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A troubling incident recently occurred at Target Junction, at 1598 Flatbush Avenue, near Brooklyn College.  A frum man reported that his wife went to check out while he visited the restroom. As he exited, a fellow shopper threw an elbow into his face without apparent reason, breaking his nose in two places as he shouted at him. Furthermore, he claims that the pleas for help made to the nearby store security and other staff fell on deaf ears. Review of the store footage by the NYPD confirmed this assault was unprovoked. The assailant left the store unchallenged and was not apprehended. 


In the interest of balanced and fair reporting, I contacted Jenna Reck, the senior communications director and a spokesperson for Target Corporation. She shared the following statement:


“Target stands firmly against anti-Semitism and we don’t tolerate violence of any kind in our stores. Our team didn’t see the incident as it happened but responded quickly once they heard the victim fall to the floor. They provided first aid to him, confirmed that several guests in the area had called 911 and then waited with the victim until paramedics arrived. Another team member asked the assailant to leave the store, and once he had left, went to watch the security video to confirm what happened. When NYPD arrived, our team showed them the security video of the assault and we’ve since shared a copy of it with the NYPD for their investigation. Our team members acted in accordance with our policy, which is to investigate and share findings with law enforcement rather than apprehend a suspect who is violent. However, we want Target to be a safe and welcoming place for all, and deeply regret that this incident happened in our store.” 


I have written in this column about the rise in anti- Semitism, especially here in New York. For the last few years, the number of incidents has nearly doubled every single year.  The New York City Office for the Prevention of Hate Crimes (OPHC) was established in 2019 to help prevent and respond to these types of incidents. Last year the NYPD announced it would add hate crimes to its Compstat reporting, which tracks different types of crime in the city. According to the NYPD Hate Crimes Dashboard, the single largest percentage of hate crimes in New York City continues to be directed against Jewish people. Similarly, the FBI Uniform Crime Reporting Program echoes these trends of increasing bias against Jews across the United States.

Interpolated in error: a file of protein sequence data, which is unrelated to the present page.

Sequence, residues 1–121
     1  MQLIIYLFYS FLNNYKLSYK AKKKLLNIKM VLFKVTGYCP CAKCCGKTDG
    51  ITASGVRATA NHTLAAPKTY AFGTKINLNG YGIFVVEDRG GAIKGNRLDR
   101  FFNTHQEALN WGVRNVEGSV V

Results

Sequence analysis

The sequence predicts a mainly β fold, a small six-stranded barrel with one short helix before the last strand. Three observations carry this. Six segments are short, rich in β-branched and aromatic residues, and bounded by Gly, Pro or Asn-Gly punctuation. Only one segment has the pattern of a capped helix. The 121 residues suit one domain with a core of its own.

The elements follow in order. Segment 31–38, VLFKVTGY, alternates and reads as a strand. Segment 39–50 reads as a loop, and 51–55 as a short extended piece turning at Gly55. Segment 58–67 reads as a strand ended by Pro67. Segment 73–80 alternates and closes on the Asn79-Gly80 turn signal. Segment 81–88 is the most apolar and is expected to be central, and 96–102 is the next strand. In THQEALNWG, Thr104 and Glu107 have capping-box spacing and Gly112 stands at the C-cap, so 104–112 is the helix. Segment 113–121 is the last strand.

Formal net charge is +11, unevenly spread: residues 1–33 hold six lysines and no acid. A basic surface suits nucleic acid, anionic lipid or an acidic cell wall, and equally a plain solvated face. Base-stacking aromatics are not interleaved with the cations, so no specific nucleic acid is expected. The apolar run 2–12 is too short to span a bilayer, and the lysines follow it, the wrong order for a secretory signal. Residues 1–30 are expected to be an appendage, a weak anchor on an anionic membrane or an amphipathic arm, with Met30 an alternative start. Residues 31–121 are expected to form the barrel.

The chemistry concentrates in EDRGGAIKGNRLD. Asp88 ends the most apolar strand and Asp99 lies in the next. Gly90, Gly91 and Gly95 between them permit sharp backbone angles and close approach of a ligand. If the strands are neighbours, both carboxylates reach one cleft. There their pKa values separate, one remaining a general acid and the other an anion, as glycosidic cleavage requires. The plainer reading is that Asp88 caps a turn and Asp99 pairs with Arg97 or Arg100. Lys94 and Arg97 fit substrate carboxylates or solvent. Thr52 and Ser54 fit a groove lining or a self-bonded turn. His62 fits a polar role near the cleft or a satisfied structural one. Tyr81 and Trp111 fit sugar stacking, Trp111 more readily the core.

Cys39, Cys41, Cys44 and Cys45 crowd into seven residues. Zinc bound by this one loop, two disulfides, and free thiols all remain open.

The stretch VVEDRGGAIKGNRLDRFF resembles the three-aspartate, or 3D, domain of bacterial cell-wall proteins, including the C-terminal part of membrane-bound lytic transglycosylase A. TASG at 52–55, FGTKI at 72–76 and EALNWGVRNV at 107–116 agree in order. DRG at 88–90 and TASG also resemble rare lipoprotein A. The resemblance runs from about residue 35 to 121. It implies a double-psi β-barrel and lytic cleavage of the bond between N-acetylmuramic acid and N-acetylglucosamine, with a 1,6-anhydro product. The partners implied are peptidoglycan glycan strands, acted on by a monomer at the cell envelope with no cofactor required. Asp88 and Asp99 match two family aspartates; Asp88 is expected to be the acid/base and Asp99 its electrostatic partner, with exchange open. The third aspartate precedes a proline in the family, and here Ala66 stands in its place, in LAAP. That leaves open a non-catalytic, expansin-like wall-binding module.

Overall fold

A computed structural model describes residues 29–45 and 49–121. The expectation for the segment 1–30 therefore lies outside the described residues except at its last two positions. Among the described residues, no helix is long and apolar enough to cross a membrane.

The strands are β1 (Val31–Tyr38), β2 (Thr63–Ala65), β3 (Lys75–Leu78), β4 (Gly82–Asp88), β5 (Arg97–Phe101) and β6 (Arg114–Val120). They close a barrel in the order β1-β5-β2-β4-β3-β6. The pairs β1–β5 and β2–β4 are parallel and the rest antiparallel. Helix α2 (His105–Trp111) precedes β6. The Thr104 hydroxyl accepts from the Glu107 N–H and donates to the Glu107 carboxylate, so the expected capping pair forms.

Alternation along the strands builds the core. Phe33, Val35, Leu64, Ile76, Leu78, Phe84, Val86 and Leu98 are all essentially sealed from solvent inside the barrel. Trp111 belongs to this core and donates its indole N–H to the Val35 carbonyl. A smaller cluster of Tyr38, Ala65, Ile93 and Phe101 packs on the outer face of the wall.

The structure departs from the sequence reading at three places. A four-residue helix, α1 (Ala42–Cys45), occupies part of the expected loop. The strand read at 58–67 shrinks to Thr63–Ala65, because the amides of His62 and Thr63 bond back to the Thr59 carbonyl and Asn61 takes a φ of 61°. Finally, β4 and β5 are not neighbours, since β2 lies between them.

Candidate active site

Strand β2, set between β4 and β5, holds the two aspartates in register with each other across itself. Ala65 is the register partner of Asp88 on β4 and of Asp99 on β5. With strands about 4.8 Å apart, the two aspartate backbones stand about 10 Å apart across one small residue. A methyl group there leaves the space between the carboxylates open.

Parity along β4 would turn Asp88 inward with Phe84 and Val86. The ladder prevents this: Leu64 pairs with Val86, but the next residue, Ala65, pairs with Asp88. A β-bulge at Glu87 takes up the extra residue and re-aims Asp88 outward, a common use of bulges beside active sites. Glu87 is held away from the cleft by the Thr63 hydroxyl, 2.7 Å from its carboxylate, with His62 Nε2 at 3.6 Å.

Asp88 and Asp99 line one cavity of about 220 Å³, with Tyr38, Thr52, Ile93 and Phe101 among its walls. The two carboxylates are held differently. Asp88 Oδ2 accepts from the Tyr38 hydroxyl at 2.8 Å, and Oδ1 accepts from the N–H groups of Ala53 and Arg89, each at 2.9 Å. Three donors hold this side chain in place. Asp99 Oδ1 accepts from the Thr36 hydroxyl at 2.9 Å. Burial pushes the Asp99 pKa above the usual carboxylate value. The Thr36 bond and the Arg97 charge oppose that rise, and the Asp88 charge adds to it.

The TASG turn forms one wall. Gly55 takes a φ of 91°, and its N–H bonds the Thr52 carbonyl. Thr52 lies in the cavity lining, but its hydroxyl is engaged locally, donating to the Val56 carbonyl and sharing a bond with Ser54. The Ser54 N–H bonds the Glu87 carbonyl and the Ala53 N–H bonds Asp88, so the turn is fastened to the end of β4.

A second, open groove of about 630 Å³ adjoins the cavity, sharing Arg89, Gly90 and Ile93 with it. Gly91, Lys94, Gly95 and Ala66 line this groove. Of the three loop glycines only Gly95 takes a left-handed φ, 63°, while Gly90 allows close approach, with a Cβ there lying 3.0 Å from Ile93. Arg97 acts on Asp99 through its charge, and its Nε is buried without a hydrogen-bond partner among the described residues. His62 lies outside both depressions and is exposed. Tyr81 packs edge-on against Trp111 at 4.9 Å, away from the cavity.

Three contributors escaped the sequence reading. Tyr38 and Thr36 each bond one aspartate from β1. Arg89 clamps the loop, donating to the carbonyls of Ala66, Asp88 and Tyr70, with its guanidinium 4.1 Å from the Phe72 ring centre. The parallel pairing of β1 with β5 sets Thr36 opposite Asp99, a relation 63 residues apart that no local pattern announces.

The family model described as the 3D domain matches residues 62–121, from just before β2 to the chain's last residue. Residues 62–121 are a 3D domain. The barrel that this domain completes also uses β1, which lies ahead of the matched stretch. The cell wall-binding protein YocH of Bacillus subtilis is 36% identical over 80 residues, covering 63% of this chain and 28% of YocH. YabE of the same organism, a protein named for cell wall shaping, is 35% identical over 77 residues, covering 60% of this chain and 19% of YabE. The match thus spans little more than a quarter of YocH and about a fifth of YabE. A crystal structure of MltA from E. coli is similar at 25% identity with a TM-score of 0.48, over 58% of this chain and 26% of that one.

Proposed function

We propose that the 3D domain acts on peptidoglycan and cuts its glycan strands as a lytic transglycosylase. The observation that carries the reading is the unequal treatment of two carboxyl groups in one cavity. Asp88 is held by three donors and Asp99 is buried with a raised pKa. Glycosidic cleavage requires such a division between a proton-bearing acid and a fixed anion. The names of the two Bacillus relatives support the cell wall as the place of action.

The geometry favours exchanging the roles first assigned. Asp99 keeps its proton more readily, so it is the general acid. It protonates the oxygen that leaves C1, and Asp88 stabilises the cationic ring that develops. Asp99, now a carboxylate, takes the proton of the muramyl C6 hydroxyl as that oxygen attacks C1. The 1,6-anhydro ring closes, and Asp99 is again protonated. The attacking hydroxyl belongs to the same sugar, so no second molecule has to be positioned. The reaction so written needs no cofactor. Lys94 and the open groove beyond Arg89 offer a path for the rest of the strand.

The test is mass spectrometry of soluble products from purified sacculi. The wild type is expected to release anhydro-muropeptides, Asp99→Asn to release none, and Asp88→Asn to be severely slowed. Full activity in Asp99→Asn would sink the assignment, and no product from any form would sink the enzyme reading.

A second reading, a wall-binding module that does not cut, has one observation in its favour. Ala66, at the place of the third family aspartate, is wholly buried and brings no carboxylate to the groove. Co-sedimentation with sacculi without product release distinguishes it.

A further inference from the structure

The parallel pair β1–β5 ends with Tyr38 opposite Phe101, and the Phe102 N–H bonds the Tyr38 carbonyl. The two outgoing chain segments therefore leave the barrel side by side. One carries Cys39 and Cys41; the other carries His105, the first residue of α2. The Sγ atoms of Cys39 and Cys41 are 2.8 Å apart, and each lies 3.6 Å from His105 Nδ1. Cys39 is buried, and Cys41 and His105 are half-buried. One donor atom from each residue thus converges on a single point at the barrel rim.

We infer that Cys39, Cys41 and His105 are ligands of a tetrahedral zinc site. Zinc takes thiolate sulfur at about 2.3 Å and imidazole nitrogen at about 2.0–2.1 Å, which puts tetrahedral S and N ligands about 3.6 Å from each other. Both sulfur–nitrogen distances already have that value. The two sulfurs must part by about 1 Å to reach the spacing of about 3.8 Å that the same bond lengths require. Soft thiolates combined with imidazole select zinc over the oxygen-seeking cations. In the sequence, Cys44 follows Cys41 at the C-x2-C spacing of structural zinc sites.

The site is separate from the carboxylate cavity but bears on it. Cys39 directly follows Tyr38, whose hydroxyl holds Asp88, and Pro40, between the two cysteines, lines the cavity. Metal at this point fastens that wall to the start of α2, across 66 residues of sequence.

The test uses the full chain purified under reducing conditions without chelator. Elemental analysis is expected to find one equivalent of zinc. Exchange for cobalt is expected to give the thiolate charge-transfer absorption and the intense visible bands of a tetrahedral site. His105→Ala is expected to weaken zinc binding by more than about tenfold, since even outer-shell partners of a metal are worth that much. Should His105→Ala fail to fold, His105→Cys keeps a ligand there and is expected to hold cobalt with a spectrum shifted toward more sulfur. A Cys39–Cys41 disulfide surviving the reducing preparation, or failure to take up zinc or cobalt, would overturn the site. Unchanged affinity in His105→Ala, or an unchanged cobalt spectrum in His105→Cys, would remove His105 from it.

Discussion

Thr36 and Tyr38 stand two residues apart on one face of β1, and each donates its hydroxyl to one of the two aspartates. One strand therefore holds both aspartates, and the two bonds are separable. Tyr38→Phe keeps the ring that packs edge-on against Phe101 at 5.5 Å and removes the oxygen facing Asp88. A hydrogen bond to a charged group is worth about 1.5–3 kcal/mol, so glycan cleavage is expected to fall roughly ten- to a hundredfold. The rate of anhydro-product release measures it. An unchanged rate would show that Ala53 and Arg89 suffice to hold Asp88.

This month we celebrate Purim and read the Book of Esther. The holiday commemorates our rescue and deliverance from the genocidal plans of Haman. Megillas Esther (3:6) documents Haman’s intent to wipe out the entire Jewish people specifically. This may be the earliest recorded case of anti-Semitism against Jews as a nation (357 BCE). Perhaps we can learn from this primordial example and extrapolate some perspective regarding anti-Semitism in the 21st century.


The background to the Purim story is that our ancestors failed to heed the call of Mordechai to avoid King Achashveirosh’s worldwide, six-month party, regardless if the food and wine were kosher.  As the leading halachic authority, it was Mordechai’s responsibility to guide Klal Yisrael. Failure to listen to daas Torah exposes people to the consequences.


When Mordechai refused to bow to the viceroy Haman, he raged not just against Mordechai, but against the entire Jewish people. This was not about Mordechai. Hashem chose to repay us in kind for doing as we pleased instead of what was advised by our spiritual leader. It was only through three days of fasting, prayer, and repentance that we merited a miraculous salvation.


When people are filled with hate and bias against Jews, that has nothing to do with anything we may have done to them. It has everything to do with how well we are fulfilling our collective mission.  Sometimes we need a reminder to not go astray and to return. As my own Rav has said many times, we had a nice break of 75 years following the Holocaust. However, we must remember that we remain in galus until the Moshiach arrives. May that happen very soon.


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